# resulting SIZE of audio file based on encoding followed by compression

I wish to know if I have a correct understanding of how the way in which audio is encoded and then compressed determines the size of the resulting compressed file.  Here is an example of what I think occurs.

Suppose a 240 second song is encoded digitally with a sampling rate of 44.1kHz.  Then suppose that 16 bits are used to encode each "frame".  This would result in 44,100 x 16 x 240 / 8 = 21,168,000 bytes of data.  Thus this example song would require 21.168 mb uncompressed when stored on an audio CD.

Next compress the roughly 21 mb file using a bitrate (assumed constant) of 128 kbits per second.  This will be a function of the 240 seconds and the bitrate only, ignoring the size of the uncompressed file.  I.e, I assume the 16 bits used for each "frame" during the encoding as well as the sampling rate are transparent to the compression process.  So, the compressed file's size will be 240 x 128,000 bits / 8 = 3,840,000 bytes.  Then this 3.84 mb is a typical file size for, say, an mp3 file holding a 4 minute song.

If I am correct with this example, great.  If not, I would appreciate finding where I misunderstand this.

thanks,
whr

###### Who is Participating?

[Product update] Infrastructure Analysis Tool is now available with Business Accounts.Learn More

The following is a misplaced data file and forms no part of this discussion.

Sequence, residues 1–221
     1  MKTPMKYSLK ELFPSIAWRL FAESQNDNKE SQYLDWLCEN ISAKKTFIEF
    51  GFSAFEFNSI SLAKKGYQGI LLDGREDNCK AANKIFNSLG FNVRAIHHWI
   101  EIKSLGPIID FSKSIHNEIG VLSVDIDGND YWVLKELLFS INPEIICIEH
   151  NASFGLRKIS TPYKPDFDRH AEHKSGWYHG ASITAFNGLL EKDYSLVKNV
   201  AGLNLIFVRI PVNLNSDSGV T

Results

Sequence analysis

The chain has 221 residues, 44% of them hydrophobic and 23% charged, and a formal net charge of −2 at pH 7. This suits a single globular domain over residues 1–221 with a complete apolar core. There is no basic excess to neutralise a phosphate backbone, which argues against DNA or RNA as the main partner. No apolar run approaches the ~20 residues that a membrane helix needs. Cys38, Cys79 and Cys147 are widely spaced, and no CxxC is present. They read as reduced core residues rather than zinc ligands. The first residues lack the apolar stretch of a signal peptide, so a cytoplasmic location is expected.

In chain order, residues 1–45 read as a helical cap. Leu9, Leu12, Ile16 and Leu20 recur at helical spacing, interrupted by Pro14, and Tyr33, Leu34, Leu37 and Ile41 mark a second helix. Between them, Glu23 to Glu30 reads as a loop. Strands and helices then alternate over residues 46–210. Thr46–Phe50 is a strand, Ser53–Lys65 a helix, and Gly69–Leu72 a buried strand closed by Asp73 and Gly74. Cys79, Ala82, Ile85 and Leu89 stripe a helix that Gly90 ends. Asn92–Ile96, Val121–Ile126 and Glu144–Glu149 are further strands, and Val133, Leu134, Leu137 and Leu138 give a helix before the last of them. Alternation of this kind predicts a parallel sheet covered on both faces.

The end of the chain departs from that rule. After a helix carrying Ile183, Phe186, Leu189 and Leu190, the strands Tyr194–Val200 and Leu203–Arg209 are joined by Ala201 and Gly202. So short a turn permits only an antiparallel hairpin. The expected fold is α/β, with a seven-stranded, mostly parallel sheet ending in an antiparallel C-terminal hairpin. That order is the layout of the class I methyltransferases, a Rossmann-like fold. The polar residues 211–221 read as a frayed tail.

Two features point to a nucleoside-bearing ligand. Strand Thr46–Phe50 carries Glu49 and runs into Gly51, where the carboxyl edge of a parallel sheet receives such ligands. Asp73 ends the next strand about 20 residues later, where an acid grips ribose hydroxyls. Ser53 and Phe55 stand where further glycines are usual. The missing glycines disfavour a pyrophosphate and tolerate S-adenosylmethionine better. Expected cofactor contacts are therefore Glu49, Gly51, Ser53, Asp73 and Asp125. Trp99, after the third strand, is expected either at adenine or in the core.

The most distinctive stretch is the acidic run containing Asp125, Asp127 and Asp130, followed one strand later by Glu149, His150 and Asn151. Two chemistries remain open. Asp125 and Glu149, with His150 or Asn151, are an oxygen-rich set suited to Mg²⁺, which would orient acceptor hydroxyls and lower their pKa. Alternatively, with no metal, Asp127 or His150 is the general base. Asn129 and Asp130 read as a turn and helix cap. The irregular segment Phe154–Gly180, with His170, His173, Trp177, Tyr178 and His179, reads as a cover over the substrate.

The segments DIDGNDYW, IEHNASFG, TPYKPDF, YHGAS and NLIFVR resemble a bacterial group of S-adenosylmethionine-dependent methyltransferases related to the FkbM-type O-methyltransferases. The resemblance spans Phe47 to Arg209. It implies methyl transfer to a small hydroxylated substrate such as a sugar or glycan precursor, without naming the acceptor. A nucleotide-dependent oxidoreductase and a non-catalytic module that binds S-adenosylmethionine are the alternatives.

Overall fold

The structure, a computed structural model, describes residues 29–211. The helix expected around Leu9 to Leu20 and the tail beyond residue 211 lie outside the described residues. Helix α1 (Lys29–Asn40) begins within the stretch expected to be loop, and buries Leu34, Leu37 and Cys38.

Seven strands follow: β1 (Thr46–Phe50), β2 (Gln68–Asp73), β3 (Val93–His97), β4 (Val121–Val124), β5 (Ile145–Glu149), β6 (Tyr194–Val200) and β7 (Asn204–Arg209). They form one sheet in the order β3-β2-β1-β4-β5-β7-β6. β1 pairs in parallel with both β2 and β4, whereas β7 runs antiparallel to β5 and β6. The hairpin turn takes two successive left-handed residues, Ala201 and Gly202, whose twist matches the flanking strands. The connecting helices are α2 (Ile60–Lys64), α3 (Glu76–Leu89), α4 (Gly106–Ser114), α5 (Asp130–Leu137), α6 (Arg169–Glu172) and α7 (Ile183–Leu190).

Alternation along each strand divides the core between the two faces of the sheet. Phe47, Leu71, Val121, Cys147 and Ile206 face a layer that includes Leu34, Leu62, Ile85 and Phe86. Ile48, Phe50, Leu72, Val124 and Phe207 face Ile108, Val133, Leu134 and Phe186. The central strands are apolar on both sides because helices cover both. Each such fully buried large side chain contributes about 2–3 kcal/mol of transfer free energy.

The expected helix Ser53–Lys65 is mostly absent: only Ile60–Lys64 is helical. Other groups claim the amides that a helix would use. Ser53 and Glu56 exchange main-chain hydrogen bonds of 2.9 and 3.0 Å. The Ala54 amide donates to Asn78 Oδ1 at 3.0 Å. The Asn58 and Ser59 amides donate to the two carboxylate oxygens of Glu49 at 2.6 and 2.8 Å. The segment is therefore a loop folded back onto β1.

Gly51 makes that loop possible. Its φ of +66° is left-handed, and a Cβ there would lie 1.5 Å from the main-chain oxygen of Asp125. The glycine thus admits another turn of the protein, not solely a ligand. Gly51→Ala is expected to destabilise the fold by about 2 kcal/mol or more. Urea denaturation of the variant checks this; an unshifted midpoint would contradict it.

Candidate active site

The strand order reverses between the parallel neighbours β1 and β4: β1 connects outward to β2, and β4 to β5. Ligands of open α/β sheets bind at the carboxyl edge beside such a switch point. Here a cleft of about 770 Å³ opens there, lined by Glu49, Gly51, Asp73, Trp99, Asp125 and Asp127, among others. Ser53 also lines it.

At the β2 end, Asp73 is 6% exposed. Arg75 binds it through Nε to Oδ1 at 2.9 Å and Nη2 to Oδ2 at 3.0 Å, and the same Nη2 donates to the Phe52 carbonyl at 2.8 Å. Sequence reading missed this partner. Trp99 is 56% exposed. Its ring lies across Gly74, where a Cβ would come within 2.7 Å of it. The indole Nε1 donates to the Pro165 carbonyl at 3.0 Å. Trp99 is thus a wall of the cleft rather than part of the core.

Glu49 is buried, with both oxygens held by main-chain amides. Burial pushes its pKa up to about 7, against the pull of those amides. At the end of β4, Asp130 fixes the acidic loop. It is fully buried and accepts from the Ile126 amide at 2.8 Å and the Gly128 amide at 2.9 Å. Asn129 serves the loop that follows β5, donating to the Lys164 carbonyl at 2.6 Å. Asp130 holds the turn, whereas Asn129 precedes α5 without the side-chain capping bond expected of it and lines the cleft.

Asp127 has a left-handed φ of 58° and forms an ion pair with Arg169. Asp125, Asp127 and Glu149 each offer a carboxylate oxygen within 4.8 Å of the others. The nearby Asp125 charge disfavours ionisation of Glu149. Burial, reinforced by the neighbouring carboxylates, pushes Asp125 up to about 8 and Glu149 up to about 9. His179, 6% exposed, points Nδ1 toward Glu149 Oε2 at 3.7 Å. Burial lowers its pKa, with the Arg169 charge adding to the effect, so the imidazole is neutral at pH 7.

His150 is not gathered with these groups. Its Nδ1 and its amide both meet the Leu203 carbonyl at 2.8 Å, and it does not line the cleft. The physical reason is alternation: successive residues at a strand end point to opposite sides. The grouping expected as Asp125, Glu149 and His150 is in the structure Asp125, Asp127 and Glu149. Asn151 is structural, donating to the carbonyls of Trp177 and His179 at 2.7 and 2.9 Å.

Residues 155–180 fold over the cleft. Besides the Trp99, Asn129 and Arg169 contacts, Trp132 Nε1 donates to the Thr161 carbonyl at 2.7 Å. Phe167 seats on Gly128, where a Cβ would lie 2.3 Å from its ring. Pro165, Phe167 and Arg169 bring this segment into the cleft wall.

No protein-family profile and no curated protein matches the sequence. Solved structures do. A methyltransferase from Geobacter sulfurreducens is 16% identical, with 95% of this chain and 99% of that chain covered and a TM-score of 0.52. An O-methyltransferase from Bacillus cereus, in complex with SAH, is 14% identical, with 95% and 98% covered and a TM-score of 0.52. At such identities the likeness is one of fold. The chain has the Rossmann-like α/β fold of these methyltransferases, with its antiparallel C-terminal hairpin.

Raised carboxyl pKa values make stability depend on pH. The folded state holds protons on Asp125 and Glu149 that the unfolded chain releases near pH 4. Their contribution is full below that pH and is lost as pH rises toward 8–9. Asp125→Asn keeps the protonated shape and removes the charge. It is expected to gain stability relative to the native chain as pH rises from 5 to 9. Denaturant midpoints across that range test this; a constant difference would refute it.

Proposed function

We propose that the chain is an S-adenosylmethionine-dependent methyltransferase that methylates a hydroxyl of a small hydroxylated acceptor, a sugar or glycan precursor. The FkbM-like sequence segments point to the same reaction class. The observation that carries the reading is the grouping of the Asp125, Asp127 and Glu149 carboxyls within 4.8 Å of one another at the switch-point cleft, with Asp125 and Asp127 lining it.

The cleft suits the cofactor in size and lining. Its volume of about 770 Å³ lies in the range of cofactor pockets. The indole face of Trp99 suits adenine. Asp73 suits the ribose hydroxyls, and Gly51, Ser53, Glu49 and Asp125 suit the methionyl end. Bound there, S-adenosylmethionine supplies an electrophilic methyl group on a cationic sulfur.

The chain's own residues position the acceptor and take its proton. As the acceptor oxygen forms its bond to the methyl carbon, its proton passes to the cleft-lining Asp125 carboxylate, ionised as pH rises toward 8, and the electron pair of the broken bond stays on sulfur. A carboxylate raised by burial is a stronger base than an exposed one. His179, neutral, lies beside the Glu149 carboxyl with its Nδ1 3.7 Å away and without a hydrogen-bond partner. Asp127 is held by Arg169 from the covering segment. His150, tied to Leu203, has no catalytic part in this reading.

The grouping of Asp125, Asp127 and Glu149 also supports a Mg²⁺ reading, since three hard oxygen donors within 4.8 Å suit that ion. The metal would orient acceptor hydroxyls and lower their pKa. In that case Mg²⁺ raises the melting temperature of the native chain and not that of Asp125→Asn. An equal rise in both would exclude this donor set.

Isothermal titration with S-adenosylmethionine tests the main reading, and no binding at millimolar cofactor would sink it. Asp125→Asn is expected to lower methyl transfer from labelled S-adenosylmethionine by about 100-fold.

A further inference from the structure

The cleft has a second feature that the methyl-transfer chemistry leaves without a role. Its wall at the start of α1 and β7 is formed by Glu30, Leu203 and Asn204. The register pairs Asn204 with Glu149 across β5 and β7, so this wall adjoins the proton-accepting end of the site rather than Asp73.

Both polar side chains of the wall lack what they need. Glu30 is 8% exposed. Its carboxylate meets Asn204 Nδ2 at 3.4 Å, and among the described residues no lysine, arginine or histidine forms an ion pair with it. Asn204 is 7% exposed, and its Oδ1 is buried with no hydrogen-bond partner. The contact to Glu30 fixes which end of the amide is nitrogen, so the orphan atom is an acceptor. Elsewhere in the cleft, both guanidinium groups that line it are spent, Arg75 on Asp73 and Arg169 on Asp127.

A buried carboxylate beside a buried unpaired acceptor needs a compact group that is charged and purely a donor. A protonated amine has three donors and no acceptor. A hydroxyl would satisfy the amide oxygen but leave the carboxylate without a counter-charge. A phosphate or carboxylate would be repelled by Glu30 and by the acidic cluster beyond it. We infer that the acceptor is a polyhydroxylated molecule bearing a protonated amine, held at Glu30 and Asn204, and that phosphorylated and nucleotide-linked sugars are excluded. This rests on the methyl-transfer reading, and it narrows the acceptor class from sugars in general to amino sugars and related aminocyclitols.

x
I wear a lot of hats...

"The solutions and answers provided on Experts Exchange have been extremely helpful to me over the last few years. I wear a lot of hats - Developer, Database Administrator, Help Desk, etc., so I know a lot of things but not a lot about one thing. Experts Exchange gives me answers from people who do know a lot about one thing, in a easy to use platform." -Todd S.

Commented:
The operative word here is "audio CD". They don't use wave files, they use PCM. And you can't mess with the compression or the bitrate in any way on the Red Book audio standard for CDs. The standard is 44.1K 16bit 2 channel PCM.
0
Author Commented:
Sorry,

I am a "beginner".  I don't understand the response.

Perhaps I should point out that I wasn't suggesting that my encoding scenario was correct in the sense that this is the way it is actually done in a studio.  I just want to know if this would be a correct determination of the final file size for a hypothetical song after encoding and then compressing using these hypothetical parameters.

thanks,
whr
0
Commented:
Probably best to wade through the Wikipedia for a technical analysis of the terms:
Bitrate
Sampling Rate
Red Book Audio
Compression Ratio
etc...

0

Experts Exchange Solution brought to you by

Your issues matter to us.

Facing a tech roadblock? Get the help and guidance you need from experienced professionals who care. Ask your question anytime, anywhere, with no hassle.

###### It's more than this solution.Get answers and train to solve all your tech problems - anytime, anywhere.Try it for free Edge Out The Competitionfor your dream job with proven skills and certifications.Get started today Stand Outas the employee with proven skills.Start learning today for free Move Your Career Forwardwith certification training in the latest technologies.Start your trial today
Multimedia Programming

From novice to tech pro — start learning today.